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Networking 101: 5 Steps to Build Your Career Connections

Learn the basics of networking, with tips for maintaining a professional network.

The word networking may sound intimidating or confusing. What is networking? How do you network? Why is it so important? We’re here to demystify networking. Learn what it means, and find tips for successfully networking to further your career.

What is networking?

If you’ve ever met new people and built relationships that helped you learn something or achieve a goal—you’ve networked!

Networking simply means connecting with people and cultivating a mutually beneficial relationship. That time you wanted to join a club on campus, so you met students who were in the club, became friendly, and eventually joined the club? Networking. It’s something that doesn’t need to be scary, and you’ve most likely networked before.

Why is networking important?

As you build your career, networking will play a major role in how you find new jobs and professional opportunities. The people in your network can give you career advice, insight into a new role or industry, or connect you to someone at an employer you want to work for.

How to network in 5 steps

Start with who you know

By the time you graduate from college, you’ve already built a small network. Start by reaching out to who you already know—it’s great practice, and you never know where your current connections could lead.

Who is in your current network? Your network includes family, friends, roommates, alumni, club or organization members, former and current coworkers, neighbors, and more. Ask the people around you if they know anyone who is in a career field that interests you, or works for an employer you’d like to learn more about.

Be open to meeting new people

Throughout your career, but especially when you're starting out, go out of your way to meet new people. Don’t discount a new acquaintance because they don't have a connection to an employer or role you want. The more people you meet and share your career goals with the better.

And remember, networking is an “always on” activity, meaning you should seek out new connections and nurture your network even when you’re not looking for a job. As long as you’re in the workforce, you should be building professional relationships.

Seek out opportunities

Depending on the industry or roles that interest you, there are likely professional groups that you can join. Many of these groups will have a subgroup for recent grads and young professionals. You can also seek out professional organizations or networking opportunities specifically for underrepresented groups. Do a little digging online, and reach out to friends or alumni that may know of opportunities in your area.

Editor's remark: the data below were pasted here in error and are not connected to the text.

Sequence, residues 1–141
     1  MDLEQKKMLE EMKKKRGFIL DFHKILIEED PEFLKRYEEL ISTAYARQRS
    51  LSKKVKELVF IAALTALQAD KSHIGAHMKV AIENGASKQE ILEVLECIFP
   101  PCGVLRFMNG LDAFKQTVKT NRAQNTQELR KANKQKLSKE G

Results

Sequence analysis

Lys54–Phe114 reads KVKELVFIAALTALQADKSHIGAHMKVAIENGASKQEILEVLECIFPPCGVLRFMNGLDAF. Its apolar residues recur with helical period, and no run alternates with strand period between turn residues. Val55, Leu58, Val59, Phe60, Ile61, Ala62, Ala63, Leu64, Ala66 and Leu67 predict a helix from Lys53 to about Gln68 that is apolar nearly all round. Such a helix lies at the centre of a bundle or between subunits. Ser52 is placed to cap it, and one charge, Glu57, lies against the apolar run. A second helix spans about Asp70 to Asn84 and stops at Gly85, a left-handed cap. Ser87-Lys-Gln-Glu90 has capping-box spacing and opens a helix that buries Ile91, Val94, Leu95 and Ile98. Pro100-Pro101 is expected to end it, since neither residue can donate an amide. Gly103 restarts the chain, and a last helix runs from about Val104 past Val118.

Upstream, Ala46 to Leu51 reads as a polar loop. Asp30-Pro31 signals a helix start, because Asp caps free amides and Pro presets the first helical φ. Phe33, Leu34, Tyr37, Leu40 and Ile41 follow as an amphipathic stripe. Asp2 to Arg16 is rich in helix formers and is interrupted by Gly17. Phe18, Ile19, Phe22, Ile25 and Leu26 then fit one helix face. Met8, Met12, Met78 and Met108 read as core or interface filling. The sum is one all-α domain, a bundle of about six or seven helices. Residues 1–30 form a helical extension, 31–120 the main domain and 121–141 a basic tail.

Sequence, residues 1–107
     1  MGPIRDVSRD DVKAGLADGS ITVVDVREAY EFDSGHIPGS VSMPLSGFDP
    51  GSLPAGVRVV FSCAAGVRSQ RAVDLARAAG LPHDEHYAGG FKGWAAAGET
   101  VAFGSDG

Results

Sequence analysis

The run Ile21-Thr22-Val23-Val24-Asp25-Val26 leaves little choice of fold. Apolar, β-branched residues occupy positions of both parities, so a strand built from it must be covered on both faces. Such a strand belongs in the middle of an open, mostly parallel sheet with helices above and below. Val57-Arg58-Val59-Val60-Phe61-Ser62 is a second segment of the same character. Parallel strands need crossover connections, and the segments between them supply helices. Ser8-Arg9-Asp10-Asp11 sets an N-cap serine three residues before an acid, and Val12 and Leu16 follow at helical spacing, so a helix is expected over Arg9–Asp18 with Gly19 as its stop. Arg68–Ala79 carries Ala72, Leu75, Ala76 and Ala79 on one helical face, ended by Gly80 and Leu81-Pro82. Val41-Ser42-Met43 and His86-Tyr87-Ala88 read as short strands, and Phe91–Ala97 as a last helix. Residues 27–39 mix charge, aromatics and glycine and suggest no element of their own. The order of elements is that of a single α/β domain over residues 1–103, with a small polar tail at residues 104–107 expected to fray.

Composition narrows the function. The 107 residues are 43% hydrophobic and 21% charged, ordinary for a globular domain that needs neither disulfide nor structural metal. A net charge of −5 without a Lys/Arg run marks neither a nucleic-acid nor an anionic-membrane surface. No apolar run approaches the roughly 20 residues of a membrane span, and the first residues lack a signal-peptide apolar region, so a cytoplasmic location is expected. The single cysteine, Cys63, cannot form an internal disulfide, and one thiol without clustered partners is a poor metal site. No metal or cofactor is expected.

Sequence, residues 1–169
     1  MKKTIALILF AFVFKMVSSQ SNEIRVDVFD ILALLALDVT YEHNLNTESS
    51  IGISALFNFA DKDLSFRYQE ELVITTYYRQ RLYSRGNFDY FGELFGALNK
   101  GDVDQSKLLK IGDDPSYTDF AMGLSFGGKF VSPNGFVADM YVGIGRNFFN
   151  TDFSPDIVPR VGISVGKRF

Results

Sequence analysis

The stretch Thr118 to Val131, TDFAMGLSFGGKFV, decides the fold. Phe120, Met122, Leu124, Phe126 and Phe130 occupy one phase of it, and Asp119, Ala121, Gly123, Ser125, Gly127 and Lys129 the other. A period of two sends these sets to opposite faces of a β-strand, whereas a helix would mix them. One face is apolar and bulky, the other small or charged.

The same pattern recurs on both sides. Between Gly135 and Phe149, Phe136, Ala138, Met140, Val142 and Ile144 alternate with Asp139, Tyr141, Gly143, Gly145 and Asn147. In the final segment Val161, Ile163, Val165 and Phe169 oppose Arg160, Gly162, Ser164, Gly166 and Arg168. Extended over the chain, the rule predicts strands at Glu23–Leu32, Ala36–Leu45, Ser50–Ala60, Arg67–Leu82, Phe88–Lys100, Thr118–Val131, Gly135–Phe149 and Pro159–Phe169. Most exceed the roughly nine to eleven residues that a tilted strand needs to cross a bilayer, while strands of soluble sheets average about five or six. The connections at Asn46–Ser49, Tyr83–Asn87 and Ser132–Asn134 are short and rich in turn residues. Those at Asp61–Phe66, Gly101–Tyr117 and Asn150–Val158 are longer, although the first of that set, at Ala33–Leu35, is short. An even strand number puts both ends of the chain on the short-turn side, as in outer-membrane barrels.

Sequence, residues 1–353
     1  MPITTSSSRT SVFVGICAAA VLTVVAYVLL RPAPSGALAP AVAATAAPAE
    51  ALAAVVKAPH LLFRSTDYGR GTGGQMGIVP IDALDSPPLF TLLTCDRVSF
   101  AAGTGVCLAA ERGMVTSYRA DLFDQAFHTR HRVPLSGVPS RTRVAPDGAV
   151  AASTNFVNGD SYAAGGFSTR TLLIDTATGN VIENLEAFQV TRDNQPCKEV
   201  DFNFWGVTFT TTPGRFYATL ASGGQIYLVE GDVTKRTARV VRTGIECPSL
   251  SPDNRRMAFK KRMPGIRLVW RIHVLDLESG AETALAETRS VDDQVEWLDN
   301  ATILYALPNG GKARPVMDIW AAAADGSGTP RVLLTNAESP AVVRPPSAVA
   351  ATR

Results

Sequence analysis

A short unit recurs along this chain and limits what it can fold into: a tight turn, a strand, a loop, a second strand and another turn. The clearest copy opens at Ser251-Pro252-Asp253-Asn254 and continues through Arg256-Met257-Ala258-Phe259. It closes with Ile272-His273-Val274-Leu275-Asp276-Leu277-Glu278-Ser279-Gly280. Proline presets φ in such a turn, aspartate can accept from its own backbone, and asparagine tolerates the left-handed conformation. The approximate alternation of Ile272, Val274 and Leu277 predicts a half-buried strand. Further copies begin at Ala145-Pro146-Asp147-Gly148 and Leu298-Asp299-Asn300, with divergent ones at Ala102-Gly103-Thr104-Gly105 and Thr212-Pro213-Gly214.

If you’re new to networking events, ask a friend with similar career interests if they’d attend with you. Having a buddy with you could help calm your nerves and give you a boost of confidence. But remember, you won’t be the only one that is nervous! Go in with a positive attitude and a smile, and you may be pleasantly surprised by the experience.

Be curious and ask questions

Networking isn’t just about meeting people who can help you. The most successful professional relationships are between two people that are interested in learning about and supporting each other. So instead of just focusing on yourself and what you’re looking for, ask thoughtful questions and get to know the person you're talking to.

Think of some questions ahead of time that can keep your conversation going. When in doubt, when someone asks you a question, turn the question around and ask somthing similar after you’ve answered.

Here are a few questions to get you started:

  • Have you always been interested in this role/industry?
  • How did you get started in your current role?
  • What’s your favorite part about your job/employer?

Follow-up and stay in contact

Just like meeting a new friend, when you meet someone you’d like to include in your professional network, ask to exchange contact information. Connect or follow them online, and send them a quick note within a couple of days. Tell them you enjoyed meeting them and mention something you discussed so they remember your conversation. Follow up on any next steps you may have discussed, like scheduling a time to have coffee.

It’s important to build your network relationships over time. Don’t just reach out to people when you need something. Your contact will see through that, or—if it’s a long time since you met, they may not remember you. Keep an eye out for ways to reach out to your network regularly. If you see that someone has been promoted or has a new job, send a note to congratulate them. If you see an article or that you think they’d like, share it.

Nurturing a strong professional network is one of the best ways to build your career. Start practicing your networking skills and you may be surprised by where it leads you!

Photo by Monstera from Pexels

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